Sesame Street: Lessons of Empathy & Inclusion


Fifty-one years ago, beloved entertainer Carol Burnett appeared on the very first broadcast of Sesame Street, a children’s TV program featuring a bunch of zany furry puppets.

Since then, Sesame Street has become one of TV’s longest running children’s programs with nearly 5,000 episodes broadcast in over 150 countries. There isn’t a street more recognizable than Sesame Street, nor characters more loveable than Big Bird, Oscar, and Bert and Ernie, to name a few.

Sesame Street has become a cultural landmark for children’s programming, playing a significant role in teaching generations of kids not only how to read and count but, more importantly, about the complicated world around them, tackling sensitive subjects such as racism, divorce, death, bullying , homelessness and more.

The show was designed by education professionals and child psychologists to help low-income and minority students to overcome some of the difficulties they had when entering school. Social scientists had noted white and higher income kids were often better prepared.

It was quite deliberate that the show is set on an urban street with the most racially diverse cast that public television has ever seen. Sesame Street is a place where a diverse group of monsters, humans and animals live together peacefully and celebrate their differences.

"It was very important for us to represent a range of races and ethnicities, not only in our human cast but also in our puppet cast," Sesame Workshop senior VP Rosemarie Truglio said in an interview. “It's a mirror for them to see themselves, and it's a window for them to learn about others."

Each show opens to the tune of “Can you tell me how, how to get to Sesame Street?” with scenes of children of different races playing together. Episodes featured a strong black male role model (Gordon, a school teacher), his supportive wife, Susan (who later is offered the opportunity to develop a profession of her own), a good-hearted white storekeeper (Mr. Hooper), and more. Within a few years, Hispanic characters moved into the neighborhood as well.

The show introduced a bilingual Muppet, a little girl named Rosita La Monstrua de la Carves, who speaks both English and Spanish. In 2001, Rosita began teaching the Spanish word of the day, helping to educate children of all ages about Latin American culture and language.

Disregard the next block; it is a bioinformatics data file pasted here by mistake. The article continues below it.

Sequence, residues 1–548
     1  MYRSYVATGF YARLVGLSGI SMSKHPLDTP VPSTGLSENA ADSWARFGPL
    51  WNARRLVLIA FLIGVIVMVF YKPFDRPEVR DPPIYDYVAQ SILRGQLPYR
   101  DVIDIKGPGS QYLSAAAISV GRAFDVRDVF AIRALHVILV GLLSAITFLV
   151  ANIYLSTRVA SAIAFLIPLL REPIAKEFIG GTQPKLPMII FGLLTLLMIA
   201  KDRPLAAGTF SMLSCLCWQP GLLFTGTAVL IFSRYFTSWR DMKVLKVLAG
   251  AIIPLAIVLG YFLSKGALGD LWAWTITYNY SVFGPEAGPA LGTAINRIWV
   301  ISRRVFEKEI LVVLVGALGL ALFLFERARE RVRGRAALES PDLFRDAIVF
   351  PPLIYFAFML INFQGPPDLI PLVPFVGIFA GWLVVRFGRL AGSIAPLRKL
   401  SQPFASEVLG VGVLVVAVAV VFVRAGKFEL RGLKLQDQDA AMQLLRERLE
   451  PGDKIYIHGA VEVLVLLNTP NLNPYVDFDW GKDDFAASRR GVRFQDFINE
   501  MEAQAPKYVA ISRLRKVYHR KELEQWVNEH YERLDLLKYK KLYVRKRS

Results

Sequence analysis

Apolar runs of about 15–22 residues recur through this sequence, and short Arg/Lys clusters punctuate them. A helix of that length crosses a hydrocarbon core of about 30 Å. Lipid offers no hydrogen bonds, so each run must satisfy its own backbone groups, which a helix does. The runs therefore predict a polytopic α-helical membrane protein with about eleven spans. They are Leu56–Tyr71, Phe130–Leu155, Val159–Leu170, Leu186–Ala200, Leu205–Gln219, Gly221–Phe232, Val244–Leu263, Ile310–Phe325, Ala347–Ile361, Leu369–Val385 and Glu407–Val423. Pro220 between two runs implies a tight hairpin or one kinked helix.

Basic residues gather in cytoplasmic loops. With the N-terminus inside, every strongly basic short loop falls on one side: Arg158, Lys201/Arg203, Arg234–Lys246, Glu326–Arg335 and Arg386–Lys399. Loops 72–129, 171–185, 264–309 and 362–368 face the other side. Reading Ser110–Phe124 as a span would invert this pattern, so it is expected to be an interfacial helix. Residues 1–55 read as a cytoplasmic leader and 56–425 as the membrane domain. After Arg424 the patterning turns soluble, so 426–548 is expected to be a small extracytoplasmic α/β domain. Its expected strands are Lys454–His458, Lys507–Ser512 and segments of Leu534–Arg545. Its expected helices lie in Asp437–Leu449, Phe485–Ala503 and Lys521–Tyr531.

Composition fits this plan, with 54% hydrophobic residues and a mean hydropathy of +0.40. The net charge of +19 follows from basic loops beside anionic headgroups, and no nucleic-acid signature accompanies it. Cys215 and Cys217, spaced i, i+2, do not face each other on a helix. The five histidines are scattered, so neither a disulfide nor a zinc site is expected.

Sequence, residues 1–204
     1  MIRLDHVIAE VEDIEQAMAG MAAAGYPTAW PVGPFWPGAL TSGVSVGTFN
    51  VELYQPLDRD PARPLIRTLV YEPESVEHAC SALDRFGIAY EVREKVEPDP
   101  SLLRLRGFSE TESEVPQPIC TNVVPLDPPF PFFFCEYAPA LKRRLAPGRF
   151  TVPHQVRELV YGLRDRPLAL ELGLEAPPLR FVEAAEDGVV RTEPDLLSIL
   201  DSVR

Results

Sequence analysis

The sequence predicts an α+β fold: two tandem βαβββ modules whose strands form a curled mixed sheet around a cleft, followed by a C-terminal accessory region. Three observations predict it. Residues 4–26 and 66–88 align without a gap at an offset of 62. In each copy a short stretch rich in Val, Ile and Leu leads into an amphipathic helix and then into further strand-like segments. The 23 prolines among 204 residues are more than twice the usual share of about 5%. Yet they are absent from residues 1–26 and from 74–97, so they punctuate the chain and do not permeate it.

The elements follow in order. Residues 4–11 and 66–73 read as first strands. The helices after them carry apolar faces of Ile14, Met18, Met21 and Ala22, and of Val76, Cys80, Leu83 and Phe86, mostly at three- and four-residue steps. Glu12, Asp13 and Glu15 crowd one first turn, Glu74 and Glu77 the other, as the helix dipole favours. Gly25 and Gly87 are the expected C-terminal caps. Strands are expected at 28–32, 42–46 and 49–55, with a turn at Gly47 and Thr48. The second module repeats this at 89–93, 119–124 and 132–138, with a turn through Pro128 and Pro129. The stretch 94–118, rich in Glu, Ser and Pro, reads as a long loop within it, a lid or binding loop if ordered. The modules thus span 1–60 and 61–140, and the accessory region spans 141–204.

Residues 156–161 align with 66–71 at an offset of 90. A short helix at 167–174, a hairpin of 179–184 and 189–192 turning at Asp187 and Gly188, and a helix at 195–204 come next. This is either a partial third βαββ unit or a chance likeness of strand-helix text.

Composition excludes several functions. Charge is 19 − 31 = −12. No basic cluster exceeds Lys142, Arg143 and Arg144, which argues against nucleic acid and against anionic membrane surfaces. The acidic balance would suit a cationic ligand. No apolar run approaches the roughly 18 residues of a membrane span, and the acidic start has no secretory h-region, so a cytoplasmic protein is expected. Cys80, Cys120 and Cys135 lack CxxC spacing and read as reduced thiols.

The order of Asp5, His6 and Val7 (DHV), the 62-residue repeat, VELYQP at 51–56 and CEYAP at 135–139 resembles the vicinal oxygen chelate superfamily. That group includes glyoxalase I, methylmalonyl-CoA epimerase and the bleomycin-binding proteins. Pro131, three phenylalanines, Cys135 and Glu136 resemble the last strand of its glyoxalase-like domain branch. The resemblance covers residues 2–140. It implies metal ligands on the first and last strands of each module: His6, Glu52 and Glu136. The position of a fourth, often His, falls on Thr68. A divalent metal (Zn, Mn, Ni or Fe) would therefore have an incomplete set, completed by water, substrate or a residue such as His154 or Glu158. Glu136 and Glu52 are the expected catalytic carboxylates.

Sesame Street tailors its characters to fit the demographics and pressing issues of different countries that it broadcasts in. For example, the South African version introduced in 2003 the first HIV-positive character, Kami. In 2016, Afghanistan’s version of the show introduced Muppet Zarin, who teaches physical and social well-being to Afghan girls.

While some people believe children should be shielded from the harsh realities of the world, Sesame Street acknowledges them head on and in turn, teaches children how to exercise empathy and understanding for people who may look, sound or behave differently than them.

“The Street is grounded in reality,” Truglio said. “And it’s really about who makes our community.”

Only two years after it debuted, Sesame Street broke barriers by casting deaf actress Linda Bove. Bove’s character became a regular in the series. She would often teach children sign language and share the daily challenges people who are hearing impaired experience.

In 1995, the late Christopher Reeve made a celebrity appearance. According to Truglio, many assumed Reeve’s wheelchair would be too scary for children. But in a heartfelt scene alongside his real-life son Will, Reeve teaches Big Bird about the features of his wheelchair, showing a beautiful moment between a father and son having a frank talk about disability.

“Babies notice differences,” said Truglio in an article IndieWire. “And they’re noticing differences because they’re trying to figure out the world around them.” Adults, she explained, are the ones generally left uncomfortable, leading them to punish children for their curiosity about differences, which then leads to internalized behavior.

In 2011, the series introduced us to Lily, a Muppet who faced food insecurity. She was often shown feeling hungry because her family didn't always have food available. In 2018, to reflect the homelessness crisis facing the United States, her story changed, and she was the first Muppet to represent what it’s like to live with homelessness. Lily and her family stay with friends when they lose their apartment.

Julia, a Muppet with autism, made her first appearance on Sesame Street in 2017. In her first scene, Big Bird is introduced to Julia who doesn't immediately respond to his greeting and questions. Host Alan Muraoka explains that it might take Julia a little longer to answer and teaches about autism. Elmo’s approach is not to ignore Julia's quirks or pretend they don't exist, but rather to acknowledge them and then adapt to them. She is quickly accepted by her new friends at Sesame Street. While there’s no perfect way to depict autism with one character, the show’s creators hope her character will encourage everyone to be more sensitive and empathetic.

"Sesame Street has always had kind of a mission of diversity and inclusion," said executive producer Ben Lehmann in an article with TV Guide. "The whole idea of the show, is that, if we can give kids these skills - whether they be around letters and numbers, but also around empathy and giving preschoolers these skills around getting along with others, taking turns, learning when it's not your turn to speak but it's someone else's turn to speak, then we feel like we're helping to create the next generation of empathetic adults."



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